[06:46] What are your two biggest take-aways?
[06:49] Knowing my boundaries and being assertive without being rude, but speaking my truth, and the other one was finding my purpose, my why. That speaks volumes. I can’t begin to explain how happy I am. So thank you.
[07:10] How is this program different?
[07:10] It’s really powerful what you’ve written in this course. I’ve done a lot of self development work on myself and I thought I’d knew but obviously I didn’t. It’s really amazing to know your boundaries and be okay with that. It is really great. To have purpose and know who you are. It’s life changing.
[07:40] How has this changed things?
[07:44] I was asked to do drawings for somebody and they didn’t pay me and dragged and dragged and dragged on for two years. During your course and because of your course, I stood up for myself. I researched how much I was worth. I researched copyright, I researched all that information and they paid me. It was incredible. I can’t begin to explain how amazing that felt. To be paid for work I did and to be valued for it, and you know what? I think they appreciated me being businesslike and upfront and saying, this is what I’m worth. These are my boundaries. These are my conditions. This is my copyright. This is how much you owe me, and they are very successful business people and I think they responded to me being this is it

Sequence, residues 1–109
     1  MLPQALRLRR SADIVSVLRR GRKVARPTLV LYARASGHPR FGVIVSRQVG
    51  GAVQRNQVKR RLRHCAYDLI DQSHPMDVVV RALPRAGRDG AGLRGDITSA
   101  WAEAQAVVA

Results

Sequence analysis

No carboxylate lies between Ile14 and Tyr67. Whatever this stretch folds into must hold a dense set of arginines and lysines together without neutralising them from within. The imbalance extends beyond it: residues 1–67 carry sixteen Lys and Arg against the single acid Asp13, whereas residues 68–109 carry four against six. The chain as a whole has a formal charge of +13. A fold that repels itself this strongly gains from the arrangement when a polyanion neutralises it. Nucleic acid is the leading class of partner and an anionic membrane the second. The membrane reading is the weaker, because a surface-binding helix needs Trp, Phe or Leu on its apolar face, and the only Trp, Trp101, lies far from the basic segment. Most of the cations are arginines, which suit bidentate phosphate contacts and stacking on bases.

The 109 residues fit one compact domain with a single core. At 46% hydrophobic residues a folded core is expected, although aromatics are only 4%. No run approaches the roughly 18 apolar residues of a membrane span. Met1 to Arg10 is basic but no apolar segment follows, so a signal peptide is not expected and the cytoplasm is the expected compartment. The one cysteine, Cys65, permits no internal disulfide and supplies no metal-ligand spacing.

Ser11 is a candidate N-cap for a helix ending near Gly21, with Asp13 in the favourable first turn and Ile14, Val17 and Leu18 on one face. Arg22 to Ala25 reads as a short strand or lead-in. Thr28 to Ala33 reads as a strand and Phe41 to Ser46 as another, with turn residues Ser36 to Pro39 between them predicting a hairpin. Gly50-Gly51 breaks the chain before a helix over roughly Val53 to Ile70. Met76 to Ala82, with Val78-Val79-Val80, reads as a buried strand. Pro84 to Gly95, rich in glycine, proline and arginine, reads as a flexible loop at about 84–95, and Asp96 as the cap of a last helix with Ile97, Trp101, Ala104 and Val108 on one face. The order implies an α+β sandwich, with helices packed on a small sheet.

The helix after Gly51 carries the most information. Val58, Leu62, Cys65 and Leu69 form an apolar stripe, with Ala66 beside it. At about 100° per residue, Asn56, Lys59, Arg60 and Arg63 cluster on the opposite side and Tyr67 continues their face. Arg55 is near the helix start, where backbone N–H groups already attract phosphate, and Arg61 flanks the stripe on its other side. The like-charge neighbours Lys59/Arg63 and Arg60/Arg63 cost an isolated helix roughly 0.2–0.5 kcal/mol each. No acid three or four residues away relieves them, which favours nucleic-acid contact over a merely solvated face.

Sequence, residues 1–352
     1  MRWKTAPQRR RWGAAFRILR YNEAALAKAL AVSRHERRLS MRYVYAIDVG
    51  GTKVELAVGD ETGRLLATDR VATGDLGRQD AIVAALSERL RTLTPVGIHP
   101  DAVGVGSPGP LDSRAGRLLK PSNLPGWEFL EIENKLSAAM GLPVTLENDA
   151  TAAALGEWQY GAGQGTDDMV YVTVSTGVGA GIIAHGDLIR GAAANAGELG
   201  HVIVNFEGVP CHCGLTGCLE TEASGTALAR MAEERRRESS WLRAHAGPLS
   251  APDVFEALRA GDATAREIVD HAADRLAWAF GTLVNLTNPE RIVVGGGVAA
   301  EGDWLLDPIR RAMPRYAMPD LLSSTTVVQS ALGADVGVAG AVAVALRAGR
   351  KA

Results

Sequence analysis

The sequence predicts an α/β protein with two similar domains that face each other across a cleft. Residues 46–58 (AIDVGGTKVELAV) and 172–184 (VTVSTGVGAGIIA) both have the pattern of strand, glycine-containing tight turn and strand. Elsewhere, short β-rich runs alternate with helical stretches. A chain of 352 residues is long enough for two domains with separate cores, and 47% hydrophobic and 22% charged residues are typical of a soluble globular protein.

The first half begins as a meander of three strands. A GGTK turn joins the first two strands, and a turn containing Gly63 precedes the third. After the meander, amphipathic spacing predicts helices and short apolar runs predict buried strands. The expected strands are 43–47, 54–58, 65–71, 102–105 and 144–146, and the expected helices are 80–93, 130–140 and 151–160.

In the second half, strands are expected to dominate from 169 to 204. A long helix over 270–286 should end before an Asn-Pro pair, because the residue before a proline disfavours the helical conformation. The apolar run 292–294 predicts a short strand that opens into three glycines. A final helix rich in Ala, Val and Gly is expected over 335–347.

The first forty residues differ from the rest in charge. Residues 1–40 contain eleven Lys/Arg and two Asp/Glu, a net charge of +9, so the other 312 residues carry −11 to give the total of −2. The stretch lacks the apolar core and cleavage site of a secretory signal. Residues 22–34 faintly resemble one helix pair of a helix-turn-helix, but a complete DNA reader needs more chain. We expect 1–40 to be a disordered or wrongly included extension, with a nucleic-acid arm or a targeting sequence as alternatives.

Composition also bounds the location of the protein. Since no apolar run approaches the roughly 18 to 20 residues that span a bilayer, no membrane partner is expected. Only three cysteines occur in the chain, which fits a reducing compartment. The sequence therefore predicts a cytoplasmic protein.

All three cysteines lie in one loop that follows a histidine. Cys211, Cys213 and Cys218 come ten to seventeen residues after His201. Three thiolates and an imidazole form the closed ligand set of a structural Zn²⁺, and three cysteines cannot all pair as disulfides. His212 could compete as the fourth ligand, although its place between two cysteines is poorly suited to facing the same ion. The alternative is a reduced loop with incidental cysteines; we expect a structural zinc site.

[08:46] What advice do you have for other artists?
[08:48] Trust yourself. Trust yourself. Listen to yourself. Listen to in here (your heart), just get that out of the way and just you know everything up there just confuses you (your head)
[09:02] Should other artists apply to enroll?
[09:03] Trust yourself. Go for it. Do it because you will learn so much about yourself and learning about yourself has a ripple effect. If you know yourself, your purpose, your why, and you know your boundaries, you can safely say yes or no to anything that comes along.
[09:21] MAKING Art Making MONEY
WHERE TO START TO SELL YOUR ART
"Learn The 8-Part Road Map that I used to sell $103,246 of my art during my first year as an unknown artist, without feeling like a sell-out"
- Ann Rea, Artist Mentor